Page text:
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American Folk Art Museum Workers Move to Unionize

Staff at New York City’s American Folk Art Museum (AFAM) are organizing for fair wages, benefits, and sustainable working conditions. On June 6, workers across the Upper Manhattan museum’s departments including curators, retail staff, educators, and information technology personnel will vote on whether to unionize with Local 2110 UAW.

“Our objective is to make AFAM a democratic institution committed to its employees; a museum that invests in professional development and continuously strives to create a healthier work culture,” workers wrote in a post published to the newly formed Instagram account @afam_union last week.

Local 2110 UAW also represents workers at other New York institutions, including the Museum of Modern Art, the Solomon R. Guggenheim Museum, the Whitney Museum of American Art, and the Brooklyn Museum; and many outside the city including the Museum of Fine Arts, Boston, and the Massachusetts Museum of Contemporary Art (MASS MoCA), where 120 unionized staffers recently secured a new wage agreement after weeks of picketing and bargaining sessions.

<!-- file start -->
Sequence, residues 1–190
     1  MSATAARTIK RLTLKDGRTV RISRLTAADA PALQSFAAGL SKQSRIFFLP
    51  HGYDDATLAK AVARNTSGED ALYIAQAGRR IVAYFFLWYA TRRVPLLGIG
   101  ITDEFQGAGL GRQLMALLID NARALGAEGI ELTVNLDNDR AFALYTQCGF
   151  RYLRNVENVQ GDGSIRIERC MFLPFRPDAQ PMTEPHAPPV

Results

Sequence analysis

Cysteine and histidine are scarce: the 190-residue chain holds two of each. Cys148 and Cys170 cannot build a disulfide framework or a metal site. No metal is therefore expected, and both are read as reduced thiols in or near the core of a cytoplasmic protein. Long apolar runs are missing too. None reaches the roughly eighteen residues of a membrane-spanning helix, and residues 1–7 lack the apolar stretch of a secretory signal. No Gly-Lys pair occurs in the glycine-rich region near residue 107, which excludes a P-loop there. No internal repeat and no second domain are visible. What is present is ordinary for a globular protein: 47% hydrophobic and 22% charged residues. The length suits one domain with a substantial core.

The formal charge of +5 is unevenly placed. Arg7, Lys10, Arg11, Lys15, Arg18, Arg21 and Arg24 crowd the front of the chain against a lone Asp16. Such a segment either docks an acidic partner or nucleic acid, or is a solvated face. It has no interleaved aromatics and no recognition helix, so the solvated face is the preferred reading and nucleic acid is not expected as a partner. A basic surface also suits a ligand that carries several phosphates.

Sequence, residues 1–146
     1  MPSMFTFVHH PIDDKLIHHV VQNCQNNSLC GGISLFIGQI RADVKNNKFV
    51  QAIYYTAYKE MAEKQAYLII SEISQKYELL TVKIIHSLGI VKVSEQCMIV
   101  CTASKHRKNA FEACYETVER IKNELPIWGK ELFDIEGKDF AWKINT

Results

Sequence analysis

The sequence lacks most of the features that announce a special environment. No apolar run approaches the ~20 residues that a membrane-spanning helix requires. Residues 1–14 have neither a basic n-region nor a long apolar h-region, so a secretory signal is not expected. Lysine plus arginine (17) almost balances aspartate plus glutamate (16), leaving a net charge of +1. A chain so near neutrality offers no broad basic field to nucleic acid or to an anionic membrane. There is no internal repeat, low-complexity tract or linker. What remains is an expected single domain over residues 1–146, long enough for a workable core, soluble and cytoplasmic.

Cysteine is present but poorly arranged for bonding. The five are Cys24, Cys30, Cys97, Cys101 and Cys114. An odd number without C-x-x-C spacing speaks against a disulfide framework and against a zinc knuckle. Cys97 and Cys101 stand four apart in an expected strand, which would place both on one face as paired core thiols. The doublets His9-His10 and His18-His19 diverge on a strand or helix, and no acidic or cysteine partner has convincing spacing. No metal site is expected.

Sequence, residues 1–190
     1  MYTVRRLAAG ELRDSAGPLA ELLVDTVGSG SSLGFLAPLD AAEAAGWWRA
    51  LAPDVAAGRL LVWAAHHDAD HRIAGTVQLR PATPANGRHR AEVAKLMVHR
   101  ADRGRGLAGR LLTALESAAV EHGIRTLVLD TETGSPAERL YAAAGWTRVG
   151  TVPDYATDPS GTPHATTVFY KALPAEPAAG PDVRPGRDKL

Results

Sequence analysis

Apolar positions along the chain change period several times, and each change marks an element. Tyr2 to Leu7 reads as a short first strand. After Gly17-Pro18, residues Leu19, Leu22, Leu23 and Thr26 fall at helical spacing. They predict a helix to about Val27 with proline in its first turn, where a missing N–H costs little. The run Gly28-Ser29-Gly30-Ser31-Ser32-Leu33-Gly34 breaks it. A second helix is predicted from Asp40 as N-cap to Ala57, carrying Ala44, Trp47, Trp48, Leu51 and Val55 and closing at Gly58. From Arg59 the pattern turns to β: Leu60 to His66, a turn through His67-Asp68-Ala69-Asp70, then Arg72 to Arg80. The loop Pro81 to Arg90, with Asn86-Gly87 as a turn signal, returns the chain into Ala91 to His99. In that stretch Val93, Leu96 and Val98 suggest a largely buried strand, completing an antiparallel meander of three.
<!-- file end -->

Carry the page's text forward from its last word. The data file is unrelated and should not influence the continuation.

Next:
“Our members seek to negotiate collectively to achieve fair wages and benefits, uphold workers’ rights and conditions, and create a better work environment. Together, we can aim towards an equitable, inclusive, transparent, and ethical workplace,” the statement from workers read.

A press release from Local 2110 UAW also cited “a lack of transparency and a desire for fair wages, benefits, recognition, and sustainable working conditions” as workers’ reasons for unionizing. Hyperallergic has sent the group an inquiry about current salaries and benefits and requested comment from AFAM.

“I love the Museum, its exhibitions, and programs, but I want employment here to be sustainable over a longer period,” the museum’s Manager of Events Jean Seestadt said in the press release, adding that staff have witnessed “too many great colleagues leave.”

In response to Hyperallergic‘s request for comment, a museum spokesperson said, “The American Folk Art Museum supports the rights of workers to organize and we look forward to positive conversations ahead.”

The effort follows a growing labor effort across museums in recent years. Earlier this year, staff at the Denver Art Museum voted to unionize over a similar lack of fair wages, transparency between leadership and staff, and opportunities for career advancement. Earlier this month, workers at Maryland’s Glenstone Museum announced their intent to unionize, calling for better pay and work environment.

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